Threatening EU sanctions: What Hungary needs the EU billions for

Status: 11/30/2022 5:26 p.m

If the EU cuts Hungary billions of euros in subsidies, as threatened, the country is threatened with a massive modernization backlog. The energy transition would falter, investments in education would be lost.

By Wolfgang Vichtl and Nikolaus Neumaier, ARD Studio Vienna

Hungary’s subway is the oldest on the European mainland – and on some lines it is in dire need of repair. EU subsidies would come in handy – but they will remain frozen for now. Also for further projects the money should be missing for the time being.

Kata Tüttö, Budapest’s deputy mayor, who is responsible for local transport and a lot more, lists what still needs to be done urgently: “Everything is connected to the energy transition, including the fight against the energy crisis. We want the capacity of solar systems expand. We are planning an energy agency. Not only for the public buildings, but also for many residential buildings. That is very important.”

The facades are crumbling visibly in the proud capital of Budapest. Saving energy with insulated facades and windows? none.

Modernization backlog feared

The need for modernization is great. Exactly what will be saved in Hungary if the budgeted 7.5 billion are missing from the Community budget cannot be said with any certainty. Many projects are being considered, as listed by Tüttö. There will be a huge traffic jam. The Hungarian state will not be able to close the gap on its own.

Two months ago, Gergely Gulyás, Minister of the Chancellery under President Viktor Orban, angrily rejected rumors that Hungary would slide into national bankruptcy without the EU billions. Economists like the EU expert and economist Zoltán Pogácsa, who teaches at Hungary’s largest university, agreed with him at the time. That is a “significant sum,” said Pogácsa: “But that’s the only reason why there is no state bankruptcy in Hungary. Not even if the entire sum is withdrawn.”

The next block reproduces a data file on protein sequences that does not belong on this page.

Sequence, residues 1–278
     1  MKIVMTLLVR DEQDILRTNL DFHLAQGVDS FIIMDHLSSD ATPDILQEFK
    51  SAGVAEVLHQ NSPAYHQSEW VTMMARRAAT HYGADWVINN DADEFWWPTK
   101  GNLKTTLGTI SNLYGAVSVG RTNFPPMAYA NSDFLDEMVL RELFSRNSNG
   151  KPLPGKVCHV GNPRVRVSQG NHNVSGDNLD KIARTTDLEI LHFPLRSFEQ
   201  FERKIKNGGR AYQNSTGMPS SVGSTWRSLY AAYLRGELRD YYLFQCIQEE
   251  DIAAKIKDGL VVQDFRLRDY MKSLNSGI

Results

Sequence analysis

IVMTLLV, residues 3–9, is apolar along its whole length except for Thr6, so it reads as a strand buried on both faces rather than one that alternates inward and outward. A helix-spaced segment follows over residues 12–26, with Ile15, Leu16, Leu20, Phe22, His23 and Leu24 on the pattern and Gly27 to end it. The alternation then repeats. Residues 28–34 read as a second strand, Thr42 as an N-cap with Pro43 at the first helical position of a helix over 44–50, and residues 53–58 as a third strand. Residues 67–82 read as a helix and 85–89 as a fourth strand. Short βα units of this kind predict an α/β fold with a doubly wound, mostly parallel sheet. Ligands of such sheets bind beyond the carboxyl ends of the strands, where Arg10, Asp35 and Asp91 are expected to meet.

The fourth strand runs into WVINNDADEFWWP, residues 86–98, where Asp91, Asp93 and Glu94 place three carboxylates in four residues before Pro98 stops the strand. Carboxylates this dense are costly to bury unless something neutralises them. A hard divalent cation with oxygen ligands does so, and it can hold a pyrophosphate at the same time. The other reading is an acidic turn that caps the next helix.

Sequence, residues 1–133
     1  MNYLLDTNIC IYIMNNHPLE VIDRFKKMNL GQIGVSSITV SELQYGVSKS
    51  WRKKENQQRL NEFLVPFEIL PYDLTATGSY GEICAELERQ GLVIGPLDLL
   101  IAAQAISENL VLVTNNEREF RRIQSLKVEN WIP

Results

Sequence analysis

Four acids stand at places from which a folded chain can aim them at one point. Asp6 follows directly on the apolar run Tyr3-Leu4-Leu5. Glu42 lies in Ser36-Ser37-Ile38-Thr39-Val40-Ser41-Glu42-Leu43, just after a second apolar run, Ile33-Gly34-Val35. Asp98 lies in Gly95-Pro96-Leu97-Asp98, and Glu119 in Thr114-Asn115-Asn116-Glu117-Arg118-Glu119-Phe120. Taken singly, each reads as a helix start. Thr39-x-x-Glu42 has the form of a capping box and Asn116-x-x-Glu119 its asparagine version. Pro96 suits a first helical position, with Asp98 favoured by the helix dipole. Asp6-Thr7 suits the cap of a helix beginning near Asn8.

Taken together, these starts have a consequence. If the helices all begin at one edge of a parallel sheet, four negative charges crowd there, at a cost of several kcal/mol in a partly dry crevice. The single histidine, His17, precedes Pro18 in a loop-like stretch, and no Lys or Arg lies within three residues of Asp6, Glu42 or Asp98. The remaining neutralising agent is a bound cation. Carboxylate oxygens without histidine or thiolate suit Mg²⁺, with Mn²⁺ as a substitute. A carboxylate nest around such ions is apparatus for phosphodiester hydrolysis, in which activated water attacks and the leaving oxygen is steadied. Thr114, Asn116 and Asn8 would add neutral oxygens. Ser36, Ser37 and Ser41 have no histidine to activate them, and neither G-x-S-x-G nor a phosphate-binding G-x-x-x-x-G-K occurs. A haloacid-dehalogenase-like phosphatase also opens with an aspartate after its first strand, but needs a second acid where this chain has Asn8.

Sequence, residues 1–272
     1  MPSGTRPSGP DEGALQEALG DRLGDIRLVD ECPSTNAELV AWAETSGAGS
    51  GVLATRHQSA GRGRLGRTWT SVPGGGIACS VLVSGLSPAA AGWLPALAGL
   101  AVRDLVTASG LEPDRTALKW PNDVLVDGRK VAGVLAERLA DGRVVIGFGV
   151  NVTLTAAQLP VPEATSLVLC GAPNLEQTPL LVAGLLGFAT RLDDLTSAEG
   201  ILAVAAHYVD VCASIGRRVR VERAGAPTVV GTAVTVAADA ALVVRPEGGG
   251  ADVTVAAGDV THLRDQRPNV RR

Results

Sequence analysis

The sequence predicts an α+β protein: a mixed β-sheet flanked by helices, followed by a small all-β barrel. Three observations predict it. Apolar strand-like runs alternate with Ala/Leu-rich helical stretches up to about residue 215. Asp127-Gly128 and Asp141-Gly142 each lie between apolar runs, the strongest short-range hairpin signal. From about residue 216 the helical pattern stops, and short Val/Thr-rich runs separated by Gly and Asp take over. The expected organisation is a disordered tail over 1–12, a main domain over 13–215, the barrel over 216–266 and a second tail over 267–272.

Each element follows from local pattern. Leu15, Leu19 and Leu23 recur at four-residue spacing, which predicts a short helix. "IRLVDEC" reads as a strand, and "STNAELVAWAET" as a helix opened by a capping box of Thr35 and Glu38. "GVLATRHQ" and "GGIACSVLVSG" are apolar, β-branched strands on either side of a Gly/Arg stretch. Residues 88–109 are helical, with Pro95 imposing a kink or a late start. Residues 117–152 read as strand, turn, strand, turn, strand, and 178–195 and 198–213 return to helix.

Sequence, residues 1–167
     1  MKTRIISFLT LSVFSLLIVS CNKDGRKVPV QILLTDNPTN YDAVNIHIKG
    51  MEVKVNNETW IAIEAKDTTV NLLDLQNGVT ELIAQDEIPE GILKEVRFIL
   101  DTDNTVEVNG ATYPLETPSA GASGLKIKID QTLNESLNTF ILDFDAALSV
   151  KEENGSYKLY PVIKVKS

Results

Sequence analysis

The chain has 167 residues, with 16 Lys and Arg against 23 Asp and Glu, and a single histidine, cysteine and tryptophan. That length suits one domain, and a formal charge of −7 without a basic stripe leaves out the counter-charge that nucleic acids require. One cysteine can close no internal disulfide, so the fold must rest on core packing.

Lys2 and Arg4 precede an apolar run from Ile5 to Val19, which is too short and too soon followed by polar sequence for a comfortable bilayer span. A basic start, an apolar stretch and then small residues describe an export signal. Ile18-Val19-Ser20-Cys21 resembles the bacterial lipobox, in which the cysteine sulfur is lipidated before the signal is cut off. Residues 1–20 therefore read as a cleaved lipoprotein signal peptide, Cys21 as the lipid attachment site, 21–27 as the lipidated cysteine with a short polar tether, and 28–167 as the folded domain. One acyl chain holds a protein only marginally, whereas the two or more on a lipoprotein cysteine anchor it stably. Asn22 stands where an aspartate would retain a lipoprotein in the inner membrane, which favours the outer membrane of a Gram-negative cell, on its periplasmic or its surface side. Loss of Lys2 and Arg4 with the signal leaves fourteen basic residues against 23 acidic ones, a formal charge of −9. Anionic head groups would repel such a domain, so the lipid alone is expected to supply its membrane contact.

7.5 billion euros, that would be around a third of the 22.5 billion euros that Hungary will claim from the so-called EU Cohesion Fund in the period from 2021 to 2027. Compared to the population figures, Hungary is thus one of the largest net recipients of money in the EU.

Price caps on petrol and staple foods

The dispute with the EU is damaging Hungary elsewhere. The Hungarian currency, the forint, is not far from its all-time low – compared to the euro. For the Hungarians, everything has been noticeably more expensive for months. The government has already had to impose a price cap on petrol and some staple foods. With an average inflation rate of more than 15 percent this year, according to the forecasts, the fall in value would be almost twice as high as the average for the entire EU. The inflation rate is currently 21.1 percent.

The EU billions would be paid out in “hard” euros, which is also important, as Pogácsa explains: “Hungary imports a lot, including energy.” With the EU billions, Hungary would have “access to euros that we normally don’t have.” Because of the weak national currency Forint.

The economics professor called the tugging a “play”, a political showdown. This probably includes the fact that the promised ten percent salary increase for Hungarian teachers was recently linked to the comment: “If the EU funding flows.” Gulyás repeated that again after the EU vote.

Tens of thousands of teachers and their students had demonstrated in recent weeks and put pressure on the Orbán government, and not just because of the money. But the fact is that the wage increase for the educators has nothing to do with the disputed 7.5 billion, but with another program (EFOP Plus), an extra pot for the promotion of “public education,” among other things. It’s not actually intended for wages and salaries, but in the case of Hungary the EU Commission approved it because of the precarious situation of teachers.

Hungary: Before the EU Commission’s vote on subsidies

Wolfgang Vichtl, ARD Vienna, November 30, 2022 4:05 p.m

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